Optimism, Personal Agency and the Historical Mirror in ’s

by Victoria Marie Hittner


submitted to

Oregon State University

Honors College

in partial fulfillment of the requirements for the degree of

Honors Baccalaureate of Arts in Anthropology and (Honors Scholar)

Presented May 20, 2016 Commencement June 2016


Victoria Marie Hittner for the degree of Honors Baccalaureate of Arts in Anthropology and History presented on May 20, 2016. Title: Optimism, Personal Agency and the Historical Mirror in Plutarch’s Parallel Lives.

Abstract approved: ______Kevin Osterloh

Conceivably one of the most recognizable names in written history, Plutarch has long been lauded as an invaluable historical resource. A Greek living under

Roman rule in the first and second centuries, Plutarch exhibited an insatiable curiosity, one which led him to dabble in philosophy, education, the priesthood, and perhaps most famously, the genre of . Plutarch’s biographical writings, his

Parallel Lives, are far from the author’s only works, and should never be read outside the context of his other pieces. Consultation of philosophical essays like those encompassed within his reveal a fascinating drive to inform citizens of the importance of self-reflection and education. Using examples from both his Lives and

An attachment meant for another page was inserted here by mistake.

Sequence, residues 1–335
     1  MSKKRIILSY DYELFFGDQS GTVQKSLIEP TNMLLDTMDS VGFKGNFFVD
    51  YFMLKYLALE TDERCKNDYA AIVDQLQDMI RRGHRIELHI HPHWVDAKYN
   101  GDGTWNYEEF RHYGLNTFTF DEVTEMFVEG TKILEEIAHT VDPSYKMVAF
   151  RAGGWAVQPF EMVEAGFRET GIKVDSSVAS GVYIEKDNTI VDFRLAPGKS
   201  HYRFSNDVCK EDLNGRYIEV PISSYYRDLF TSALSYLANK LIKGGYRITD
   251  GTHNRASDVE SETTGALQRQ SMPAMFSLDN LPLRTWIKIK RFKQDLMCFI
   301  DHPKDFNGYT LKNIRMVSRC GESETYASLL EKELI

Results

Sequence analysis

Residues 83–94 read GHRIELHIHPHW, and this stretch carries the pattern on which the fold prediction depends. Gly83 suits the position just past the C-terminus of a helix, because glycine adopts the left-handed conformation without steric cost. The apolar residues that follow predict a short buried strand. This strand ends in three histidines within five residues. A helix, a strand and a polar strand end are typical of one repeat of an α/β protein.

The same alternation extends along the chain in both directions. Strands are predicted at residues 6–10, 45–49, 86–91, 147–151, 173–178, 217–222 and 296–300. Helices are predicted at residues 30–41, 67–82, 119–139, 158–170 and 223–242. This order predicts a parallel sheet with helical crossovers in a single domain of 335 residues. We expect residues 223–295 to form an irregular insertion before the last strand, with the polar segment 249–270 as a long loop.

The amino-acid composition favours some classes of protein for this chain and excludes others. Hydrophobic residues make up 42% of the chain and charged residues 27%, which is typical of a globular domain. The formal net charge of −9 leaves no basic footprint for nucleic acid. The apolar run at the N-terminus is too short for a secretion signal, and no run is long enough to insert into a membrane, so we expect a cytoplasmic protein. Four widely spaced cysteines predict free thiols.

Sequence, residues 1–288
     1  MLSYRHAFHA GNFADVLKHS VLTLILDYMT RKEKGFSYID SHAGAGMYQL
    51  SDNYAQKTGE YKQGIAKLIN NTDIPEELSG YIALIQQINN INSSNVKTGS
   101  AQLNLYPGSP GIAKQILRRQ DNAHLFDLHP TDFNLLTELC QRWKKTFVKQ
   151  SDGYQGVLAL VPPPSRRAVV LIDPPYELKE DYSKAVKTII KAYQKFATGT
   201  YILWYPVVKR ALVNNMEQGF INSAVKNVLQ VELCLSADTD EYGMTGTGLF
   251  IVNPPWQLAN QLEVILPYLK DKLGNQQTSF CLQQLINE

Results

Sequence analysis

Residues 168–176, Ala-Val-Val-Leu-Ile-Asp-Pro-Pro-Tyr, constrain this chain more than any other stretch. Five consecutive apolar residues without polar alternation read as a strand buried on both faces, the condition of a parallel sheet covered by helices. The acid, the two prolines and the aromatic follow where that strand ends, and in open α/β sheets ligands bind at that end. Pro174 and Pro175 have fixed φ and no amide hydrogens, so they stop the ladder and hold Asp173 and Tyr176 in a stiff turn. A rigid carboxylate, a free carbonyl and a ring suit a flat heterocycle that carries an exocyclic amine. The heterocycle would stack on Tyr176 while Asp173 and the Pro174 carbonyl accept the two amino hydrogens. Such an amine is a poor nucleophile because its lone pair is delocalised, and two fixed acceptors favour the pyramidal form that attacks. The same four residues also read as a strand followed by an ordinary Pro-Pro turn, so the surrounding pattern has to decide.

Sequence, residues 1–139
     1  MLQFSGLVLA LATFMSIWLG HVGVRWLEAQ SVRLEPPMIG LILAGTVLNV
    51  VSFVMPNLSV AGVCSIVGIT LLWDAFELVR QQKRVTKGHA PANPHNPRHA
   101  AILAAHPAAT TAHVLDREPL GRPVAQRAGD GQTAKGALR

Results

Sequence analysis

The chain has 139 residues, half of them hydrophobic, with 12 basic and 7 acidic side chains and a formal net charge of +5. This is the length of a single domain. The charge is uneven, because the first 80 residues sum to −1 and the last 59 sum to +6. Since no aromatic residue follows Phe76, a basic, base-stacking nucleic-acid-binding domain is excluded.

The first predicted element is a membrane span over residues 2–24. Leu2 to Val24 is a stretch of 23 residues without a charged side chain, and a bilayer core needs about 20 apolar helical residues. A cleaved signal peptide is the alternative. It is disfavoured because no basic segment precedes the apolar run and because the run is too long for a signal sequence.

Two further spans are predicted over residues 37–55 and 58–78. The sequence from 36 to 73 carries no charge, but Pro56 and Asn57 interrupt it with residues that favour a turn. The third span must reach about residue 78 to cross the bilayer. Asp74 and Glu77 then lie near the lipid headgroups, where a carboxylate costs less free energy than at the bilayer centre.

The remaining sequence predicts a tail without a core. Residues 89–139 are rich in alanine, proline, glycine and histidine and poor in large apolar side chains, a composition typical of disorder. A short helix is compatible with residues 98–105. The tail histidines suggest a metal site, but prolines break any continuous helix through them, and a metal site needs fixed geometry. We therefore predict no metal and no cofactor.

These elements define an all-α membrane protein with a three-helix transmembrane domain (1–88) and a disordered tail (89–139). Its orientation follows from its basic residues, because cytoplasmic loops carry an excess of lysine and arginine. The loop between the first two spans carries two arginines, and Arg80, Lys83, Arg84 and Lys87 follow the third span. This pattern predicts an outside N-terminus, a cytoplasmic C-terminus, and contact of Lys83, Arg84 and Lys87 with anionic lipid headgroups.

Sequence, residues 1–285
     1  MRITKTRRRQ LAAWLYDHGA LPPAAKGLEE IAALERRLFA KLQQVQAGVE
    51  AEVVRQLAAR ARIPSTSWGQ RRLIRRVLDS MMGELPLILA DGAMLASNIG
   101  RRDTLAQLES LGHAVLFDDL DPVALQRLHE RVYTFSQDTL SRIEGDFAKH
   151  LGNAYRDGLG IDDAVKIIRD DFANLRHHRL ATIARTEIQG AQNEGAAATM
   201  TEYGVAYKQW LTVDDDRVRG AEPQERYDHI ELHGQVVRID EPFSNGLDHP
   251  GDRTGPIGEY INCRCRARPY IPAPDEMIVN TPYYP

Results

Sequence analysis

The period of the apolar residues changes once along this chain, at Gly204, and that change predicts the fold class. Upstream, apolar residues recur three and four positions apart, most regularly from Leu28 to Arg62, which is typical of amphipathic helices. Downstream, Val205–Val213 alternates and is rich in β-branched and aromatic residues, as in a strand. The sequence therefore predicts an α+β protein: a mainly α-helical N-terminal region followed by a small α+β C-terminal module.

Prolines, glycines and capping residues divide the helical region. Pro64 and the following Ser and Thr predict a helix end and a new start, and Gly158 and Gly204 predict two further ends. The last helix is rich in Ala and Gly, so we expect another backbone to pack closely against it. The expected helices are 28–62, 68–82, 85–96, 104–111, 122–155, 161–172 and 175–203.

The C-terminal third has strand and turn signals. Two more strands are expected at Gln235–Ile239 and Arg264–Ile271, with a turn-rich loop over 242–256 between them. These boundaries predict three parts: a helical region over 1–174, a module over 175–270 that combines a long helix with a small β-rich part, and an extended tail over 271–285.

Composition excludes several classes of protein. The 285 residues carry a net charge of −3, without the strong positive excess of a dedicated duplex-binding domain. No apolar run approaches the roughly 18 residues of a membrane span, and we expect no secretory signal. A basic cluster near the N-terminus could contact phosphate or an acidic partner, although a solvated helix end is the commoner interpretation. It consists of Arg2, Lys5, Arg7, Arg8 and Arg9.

Moralia, this thesis attempts to analyze the form and purpose of Plutarch’s use of the past as a reflective tool through which his readers are encouraged to analyze their own characters. Plutarch viewed humans neither as the sum of their faults nor the sum of their . Perfection, as this thesis interprets his writings, is unachievable in this lifetime. Actively engaging with education and philosophy, however, may foster it in the next. Self-reflection and self-improvement are dynamic processes—processes

which require continuous dedication, no matter one’s age. Thus, through the lens of

Plutarch, humans are not creatures of being, but rather creatures of becoming.

Key Words: Plutarch, philosophy, agency, history, biography

Corresponding e-mail address: [email protected]

©Copyright by Victoria Marie Hittner May 20, 2016 All Rights Reserved

Optimism, Personal Agency and the Historical Mirror in Plutarch’s Parallel Lives

by Victoria Marie Hittner


submitted to

Oregon State University

Honors College

in partial fulfillment of the requirements for the degree of

Honors Baccalaureate of Arts in Anthropology and History (Honors Scholar)

Presented May 20, 2016 Commencement June 2016

Honors Baccalaureate of Arts in Anthropology and History project of Victoria Marie Hittner presented on May 20, 2016.


Kevin Osterloh, Mentor, representing School of History, Philosophy and Religion

Rena Lauer, Committee Member, representing School of History, Philosophy and Religion

Gary Ferngren, Committee Member, representing School of History, Philosophy and Religion

Toni Doolen, Dean, Oregon State University Honors College